In a light action meeting Wednesday, May 1, the Menifee City Council adopted its rules in the use of electronic communications and amended the councils Park Facilities Naming Policy.
The city’s electronic communications policy, according to the council agenda, is to provide clear and concise direction regarding the use of the city’s electronic communications systems, including electronic mail, text messaging and voicemail; minimize any disruptions to city services related to electronic communications; enhance work productivity through the use of electronic communications and finally to comply with applicable state and federal law and city policies related to the use of email and all other forms of electronic communication.
A key factor in establishing the electronic communications policy is Menifee’s need to comply with a California Supreme Court decision that electronic communications on personal electronic devices of city and employees and officials are subject to disclosure under the Public Records Act if the communications relate to city business and not otherwise exempt.
The new policy would prohibit authorized users, including employees, appointed and elected officials, interns and volunteers, from using personal accounts for the creation, transmission or storage of electronic communications regarding city business.
City Attorney Jeffrey Melching explained to the council the new policy.
“After the Supreme Court decided its case in the San Jose decision about a year and one-half ago, it became clear that if you are using a personal email account or not, for the purpose of confirming a document is a public record, and therefore subject to the Public Records Act. All that matters is if the communication has anything to do with the public business,” Melching said.
He said even if a city employee uses his own personal email, the mention or reference to a city matter becomes a part of the public record and can be accessed by the public. It also includes communications on text messages, Facebook accounts or Twitter messages becomes a public record which anyone can access under the Public Record Act. The city policy requires any mention of city business on any device be relayed to the city electronic communication system.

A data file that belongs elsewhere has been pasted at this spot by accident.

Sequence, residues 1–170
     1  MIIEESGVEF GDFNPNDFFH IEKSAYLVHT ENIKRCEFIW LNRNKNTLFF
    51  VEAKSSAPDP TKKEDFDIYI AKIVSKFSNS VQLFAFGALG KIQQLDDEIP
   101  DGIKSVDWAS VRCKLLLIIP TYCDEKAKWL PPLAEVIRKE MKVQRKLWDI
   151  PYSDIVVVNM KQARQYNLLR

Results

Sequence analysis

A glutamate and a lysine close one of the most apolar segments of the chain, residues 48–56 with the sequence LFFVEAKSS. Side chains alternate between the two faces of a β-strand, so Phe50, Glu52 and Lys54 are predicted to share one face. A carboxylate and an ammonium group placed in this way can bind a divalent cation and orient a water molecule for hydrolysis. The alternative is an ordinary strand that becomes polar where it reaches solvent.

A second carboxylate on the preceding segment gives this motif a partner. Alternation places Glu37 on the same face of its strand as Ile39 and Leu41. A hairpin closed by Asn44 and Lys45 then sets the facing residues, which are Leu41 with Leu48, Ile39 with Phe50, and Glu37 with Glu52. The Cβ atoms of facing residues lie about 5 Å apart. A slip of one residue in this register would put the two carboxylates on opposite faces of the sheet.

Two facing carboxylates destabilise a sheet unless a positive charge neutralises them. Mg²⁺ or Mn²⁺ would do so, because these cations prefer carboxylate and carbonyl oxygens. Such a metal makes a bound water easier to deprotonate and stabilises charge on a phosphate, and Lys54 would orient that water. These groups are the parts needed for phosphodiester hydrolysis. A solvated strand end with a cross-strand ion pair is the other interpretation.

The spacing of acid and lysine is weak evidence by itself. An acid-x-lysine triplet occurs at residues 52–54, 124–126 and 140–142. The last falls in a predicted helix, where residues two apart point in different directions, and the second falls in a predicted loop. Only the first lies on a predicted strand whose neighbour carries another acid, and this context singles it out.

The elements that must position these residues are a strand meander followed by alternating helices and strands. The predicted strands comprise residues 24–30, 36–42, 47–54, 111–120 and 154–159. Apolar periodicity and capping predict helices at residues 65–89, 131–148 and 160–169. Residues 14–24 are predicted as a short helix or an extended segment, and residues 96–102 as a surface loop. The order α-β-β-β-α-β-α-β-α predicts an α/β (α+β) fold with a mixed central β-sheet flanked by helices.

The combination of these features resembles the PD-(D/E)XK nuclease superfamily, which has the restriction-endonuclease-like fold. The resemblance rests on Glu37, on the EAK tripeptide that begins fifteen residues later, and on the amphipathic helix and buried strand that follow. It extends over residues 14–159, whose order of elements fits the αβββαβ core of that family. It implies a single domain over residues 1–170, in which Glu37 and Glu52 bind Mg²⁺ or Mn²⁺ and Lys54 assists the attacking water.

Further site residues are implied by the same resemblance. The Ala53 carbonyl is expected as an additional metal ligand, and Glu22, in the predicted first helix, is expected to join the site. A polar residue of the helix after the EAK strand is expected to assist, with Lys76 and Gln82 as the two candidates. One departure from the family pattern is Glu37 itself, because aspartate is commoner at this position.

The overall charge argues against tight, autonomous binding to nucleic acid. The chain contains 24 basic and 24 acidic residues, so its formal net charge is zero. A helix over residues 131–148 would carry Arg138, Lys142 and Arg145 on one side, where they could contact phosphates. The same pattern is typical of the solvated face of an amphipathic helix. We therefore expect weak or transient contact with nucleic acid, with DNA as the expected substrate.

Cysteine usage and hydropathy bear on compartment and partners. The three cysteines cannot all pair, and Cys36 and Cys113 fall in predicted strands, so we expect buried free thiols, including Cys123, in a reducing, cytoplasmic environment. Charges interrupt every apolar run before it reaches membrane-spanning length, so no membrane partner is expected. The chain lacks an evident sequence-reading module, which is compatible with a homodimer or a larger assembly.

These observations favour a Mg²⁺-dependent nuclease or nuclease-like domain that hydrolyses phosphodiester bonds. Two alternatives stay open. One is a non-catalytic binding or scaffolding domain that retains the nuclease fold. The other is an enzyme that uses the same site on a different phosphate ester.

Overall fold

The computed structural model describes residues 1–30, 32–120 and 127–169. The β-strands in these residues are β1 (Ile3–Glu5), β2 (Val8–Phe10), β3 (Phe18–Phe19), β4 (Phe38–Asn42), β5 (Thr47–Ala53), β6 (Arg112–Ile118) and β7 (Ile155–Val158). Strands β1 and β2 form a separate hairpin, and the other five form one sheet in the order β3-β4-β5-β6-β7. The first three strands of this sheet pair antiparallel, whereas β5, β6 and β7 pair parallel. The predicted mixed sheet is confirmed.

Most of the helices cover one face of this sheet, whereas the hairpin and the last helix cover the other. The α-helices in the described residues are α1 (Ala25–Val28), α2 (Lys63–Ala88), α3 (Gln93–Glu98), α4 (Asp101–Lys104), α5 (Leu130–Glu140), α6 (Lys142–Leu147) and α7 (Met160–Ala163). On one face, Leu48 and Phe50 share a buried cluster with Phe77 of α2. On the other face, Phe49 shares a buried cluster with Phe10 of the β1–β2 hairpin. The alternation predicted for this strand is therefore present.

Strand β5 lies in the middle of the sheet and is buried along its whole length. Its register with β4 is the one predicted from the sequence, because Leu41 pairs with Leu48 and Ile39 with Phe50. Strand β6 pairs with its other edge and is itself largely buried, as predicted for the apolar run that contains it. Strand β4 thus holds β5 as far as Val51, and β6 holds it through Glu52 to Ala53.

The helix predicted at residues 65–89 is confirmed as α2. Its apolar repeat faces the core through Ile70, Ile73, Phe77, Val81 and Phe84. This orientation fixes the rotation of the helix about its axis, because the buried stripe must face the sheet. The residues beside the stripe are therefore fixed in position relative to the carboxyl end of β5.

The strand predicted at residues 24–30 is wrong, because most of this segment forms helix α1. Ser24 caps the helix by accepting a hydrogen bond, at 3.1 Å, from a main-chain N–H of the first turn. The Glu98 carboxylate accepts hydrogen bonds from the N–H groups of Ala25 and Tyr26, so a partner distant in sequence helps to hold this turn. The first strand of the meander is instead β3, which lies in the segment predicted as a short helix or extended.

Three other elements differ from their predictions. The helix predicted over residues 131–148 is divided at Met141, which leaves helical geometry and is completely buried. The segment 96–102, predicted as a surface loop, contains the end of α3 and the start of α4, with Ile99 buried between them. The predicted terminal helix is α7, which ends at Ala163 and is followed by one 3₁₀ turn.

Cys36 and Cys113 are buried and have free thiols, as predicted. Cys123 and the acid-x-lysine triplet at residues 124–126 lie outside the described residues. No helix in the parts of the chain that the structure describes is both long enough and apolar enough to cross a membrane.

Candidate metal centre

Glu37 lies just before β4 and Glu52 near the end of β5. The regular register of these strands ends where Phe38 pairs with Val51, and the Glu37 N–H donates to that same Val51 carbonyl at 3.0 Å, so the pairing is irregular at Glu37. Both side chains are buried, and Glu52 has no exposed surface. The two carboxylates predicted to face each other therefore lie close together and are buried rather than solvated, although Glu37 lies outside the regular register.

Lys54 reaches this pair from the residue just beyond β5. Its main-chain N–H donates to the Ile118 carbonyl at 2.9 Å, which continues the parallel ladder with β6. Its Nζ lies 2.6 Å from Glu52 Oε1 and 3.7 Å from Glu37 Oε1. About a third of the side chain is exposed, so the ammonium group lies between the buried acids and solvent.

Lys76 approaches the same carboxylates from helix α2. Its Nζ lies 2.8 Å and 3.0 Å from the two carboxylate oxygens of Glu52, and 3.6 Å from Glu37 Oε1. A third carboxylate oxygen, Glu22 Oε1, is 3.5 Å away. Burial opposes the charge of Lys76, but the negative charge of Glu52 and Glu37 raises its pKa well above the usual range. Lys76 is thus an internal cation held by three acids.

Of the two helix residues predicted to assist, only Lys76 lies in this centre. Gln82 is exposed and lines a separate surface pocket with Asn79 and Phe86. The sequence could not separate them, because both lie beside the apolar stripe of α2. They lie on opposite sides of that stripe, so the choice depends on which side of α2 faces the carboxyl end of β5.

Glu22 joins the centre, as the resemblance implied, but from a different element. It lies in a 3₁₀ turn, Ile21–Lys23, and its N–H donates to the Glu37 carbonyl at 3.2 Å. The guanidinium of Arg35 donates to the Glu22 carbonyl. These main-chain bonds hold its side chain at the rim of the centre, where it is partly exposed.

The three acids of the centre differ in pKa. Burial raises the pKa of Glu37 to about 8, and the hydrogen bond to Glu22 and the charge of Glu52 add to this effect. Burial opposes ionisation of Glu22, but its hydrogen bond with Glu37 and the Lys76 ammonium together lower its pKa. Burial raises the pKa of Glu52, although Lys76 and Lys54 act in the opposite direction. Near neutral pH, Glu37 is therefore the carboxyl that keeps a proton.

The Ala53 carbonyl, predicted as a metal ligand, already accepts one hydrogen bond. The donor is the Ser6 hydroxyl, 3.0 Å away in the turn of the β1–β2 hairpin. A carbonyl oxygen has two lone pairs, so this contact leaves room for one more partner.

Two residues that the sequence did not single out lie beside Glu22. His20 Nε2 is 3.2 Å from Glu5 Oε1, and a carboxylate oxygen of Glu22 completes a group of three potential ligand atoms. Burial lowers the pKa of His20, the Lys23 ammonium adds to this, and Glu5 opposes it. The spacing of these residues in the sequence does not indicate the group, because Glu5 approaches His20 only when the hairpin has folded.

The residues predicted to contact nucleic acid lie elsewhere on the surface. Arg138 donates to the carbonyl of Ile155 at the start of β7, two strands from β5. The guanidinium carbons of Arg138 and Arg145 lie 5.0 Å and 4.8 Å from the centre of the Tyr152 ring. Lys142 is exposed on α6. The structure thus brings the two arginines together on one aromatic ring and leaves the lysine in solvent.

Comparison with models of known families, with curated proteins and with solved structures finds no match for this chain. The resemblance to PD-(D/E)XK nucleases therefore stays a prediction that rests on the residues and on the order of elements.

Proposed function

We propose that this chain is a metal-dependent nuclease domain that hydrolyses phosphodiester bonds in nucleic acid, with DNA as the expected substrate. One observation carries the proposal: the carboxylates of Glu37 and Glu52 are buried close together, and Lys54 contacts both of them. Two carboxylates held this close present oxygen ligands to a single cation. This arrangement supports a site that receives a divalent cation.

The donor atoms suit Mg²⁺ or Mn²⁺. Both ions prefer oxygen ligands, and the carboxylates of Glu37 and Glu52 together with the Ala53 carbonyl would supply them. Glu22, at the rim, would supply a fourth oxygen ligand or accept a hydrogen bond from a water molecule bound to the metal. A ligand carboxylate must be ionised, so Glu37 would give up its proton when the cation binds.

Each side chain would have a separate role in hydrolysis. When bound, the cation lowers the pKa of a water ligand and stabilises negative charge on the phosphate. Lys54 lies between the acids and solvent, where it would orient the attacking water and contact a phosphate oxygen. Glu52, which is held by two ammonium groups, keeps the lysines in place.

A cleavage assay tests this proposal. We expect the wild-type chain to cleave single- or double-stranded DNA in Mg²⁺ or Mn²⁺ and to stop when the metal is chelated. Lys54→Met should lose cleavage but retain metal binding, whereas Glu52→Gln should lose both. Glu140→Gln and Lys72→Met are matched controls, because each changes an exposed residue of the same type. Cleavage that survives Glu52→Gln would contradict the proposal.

The policy requiring employees to forward any personal email relating to city business be forwarded to the city servers relies on the honor system of the employee to comply, or the city clerk would have to request a search of the item in the personal email that is requested under the Public Records Act – a long and burdensome process, according to the attorney.
The new policy was adopted by a 4-0 vote with Councilmember Dean Deiness absent.
The council also unanimously approved the new Park Facilities Naming Policy that would require the council in a majority 4-1 vote make a park’s name change that would honor a notable person or event.
City Manager Armando G. Villa in his report at the end of the meeting said the newly appointed police Chief Pat Walsh, former Hemet Police Chief and adviser Dave Brown and the assistant city manager has been in numerous meetings with the Murrieta Police Department to work out a contract for the joint city dispatch system and are preparing a budget to be presented to the council in hiring the needed police department personnel.
Villa said the design for the new council dais has been completed and contracted out with the council possibly moving into their new council chambers in the new city hall by the first meeting in June.
The staff is also awaiting the final assessment of the power poles by Southern California Edison before being turned over to the city under a purchase contract financed through Bank of America.
Tony Ault can be reached by email at email@example.com.